Today I was a student. I abandoned the outpatient pediatric clinic for the antenatal clinic, as I am eager to learn more about maternal child health, given that this is something that I don’t get to practice in the states.
God bless the staff here for their patience and for taking the time to teach me when their own workload is so high! I basically spent the majority of the day learning how to measure fundal heights and learning how to ausculate fetal heart tones (both being done the very old school way I might add). Hearing the fetal heartbeat was much more difficult than I had expected. I felt like a complete idiot. The midwife would say, ‘Now, here’s a very strong one!’ I’d put the fetoscope to the belly, then to my ear and hear nothing at all! It probably took me listening to 20 pregnant bellies until I was finally able to hear anything!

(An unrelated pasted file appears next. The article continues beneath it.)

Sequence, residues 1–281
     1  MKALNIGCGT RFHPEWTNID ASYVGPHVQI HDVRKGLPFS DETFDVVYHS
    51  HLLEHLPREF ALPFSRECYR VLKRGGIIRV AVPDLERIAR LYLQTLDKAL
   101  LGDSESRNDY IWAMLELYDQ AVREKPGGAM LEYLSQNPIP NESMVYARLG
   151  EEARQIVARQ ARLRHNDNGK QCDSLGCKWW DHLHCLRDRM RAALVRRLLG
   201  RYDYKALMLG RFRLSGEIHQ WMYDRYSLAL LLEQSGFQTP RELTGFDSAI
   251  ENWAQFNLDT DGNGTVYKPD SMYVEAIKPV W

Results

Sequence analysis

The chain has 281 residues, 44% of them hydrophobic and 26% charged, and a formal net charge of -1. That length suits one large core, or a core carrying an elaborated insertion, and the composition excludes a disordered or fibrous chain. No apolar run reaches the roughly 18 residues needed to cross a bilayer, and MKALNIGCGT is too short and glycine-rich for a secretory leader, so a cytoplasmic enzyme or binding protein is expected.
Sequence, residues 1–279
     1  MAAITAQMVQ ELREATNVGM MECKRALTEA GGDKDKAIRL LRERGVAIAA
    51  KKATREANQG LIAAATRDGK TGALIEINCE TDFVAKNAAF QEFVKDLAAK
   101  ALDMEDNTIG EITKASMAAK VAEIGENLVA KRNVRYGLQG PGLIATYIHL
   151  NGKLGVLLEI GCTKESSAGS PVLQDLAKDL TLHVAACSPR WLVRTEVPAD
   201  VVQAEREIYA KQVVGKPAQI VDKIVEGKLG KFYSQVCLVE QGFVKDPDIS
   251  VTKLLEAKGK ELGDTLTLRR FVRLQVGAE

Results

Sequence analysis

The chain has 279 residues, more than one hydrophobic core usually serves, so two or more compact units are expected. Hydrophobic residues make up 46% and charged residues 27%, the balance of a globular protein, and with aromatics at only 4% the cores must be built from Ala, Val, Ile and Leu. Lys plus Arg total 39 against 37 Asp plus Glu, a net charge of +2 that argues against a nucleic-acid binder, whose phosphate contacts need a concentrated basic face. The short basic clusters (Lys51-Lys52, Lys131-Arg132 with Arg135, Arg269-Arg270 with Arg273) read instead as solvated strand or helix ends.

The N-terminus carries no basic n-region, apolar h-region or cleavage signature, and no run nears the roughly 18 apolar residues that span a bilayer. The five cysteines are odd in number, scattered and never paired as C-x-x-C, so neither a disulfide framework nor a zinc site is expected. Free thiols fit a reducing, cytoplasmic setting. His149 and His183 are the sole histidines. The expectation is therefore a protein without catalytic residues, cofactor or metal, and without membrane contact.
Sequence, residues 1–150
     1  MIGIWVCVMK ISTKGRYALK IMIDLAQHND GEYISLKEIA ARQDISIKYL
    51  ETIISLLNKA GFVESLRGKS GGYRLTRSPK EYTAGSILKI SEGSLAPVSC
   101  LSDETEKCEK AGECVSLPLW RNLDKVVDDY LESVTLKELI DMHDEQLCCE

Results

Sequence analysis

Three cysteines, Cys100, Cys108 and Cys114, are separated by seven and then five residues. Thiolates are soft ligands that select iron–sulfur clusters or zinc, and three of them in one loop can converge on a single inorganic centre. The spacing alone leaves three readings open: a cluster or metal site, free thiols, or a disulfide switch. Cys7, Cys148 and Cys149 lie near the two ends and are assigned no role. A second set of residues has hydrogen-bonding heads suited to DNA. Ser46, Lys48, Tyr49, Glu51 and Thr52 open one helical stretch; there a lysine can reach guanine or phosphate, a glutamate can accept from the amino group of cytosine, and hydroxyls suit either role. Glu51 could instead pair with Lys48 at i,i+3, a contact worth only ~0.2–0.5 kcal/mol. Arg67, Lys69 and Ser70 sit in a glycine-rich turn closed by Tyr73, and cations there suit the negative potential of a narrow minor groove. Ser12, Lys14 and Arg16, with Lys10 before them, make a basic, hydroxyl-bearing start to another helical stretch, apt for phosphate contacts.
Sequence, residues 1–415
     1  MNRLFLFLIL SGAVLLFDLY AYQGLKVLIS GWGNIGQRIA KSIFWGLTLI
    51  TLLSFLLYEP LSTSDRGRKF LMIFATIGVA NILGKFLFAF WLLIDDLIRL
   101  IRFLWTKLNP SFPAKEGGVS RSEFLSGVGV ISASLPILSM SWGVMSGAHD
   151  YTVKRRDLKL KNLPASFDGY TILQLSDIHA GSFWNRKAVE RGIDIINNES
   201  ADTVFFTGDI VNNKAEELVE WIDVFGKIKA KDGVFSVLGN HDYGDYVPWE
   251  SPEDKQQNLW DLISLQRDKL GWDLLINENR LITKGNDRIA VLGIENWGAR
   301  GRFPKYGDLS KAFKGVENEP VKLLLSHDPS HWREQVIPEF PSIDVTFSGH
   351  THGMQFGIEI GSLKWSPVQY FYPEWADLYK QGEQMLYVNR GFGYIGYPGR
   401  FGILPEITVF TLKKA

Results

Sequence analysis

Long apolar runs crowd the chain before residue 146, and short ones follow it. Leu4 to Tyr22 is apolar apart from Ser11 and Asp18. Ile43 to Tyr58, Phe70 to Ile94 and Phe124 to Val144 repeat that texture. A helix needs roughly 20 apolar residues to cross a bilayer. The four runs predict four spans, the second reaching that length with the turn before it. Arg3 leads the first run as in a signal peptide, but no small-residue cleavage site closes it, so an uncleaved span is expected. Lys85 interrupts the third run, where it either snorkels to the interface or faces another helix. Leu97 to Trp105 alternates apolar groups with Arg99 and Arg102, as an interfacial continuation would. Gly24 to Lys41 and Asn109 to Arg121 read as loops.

One thing I am thankful for is the drive to/from the settlement each day. It takes a good hour each way and yet there is so much to see and so much to reflect upon—this time in the car provides the perfect opportunity. During the daily commute, it is routine to pass 20-30 men, earnestly pushing bicycles laden with Matokes (the Swahili word for Banana). Once the Matoke are weighed and counted, they will be sold to third parties, which will then transport the goods across the border into Sudan. I can’t even imagine how much these bikes must weigh. These men and women are often without shoes and are pushing their bikes up steep mountain passes under the heat of the African sun. The commute is not complete without having to stop for herds of cattle to cross the road. What makes these cattle unique are their massive horns. They are truly incredible. When you see them, you know you are in Africa.
Once you enter the settlement, the road becomes a deep, rust-red and the dust begins to fly as our truck makes the transition from asphalt to earth. Our driver Emma, calls this dust ‘African Snow’. Scattered areas of banana farms can be seen during the first several kilometers. These I have been told are farmed by Ugandans who live amongst the refugees on the settlement lands.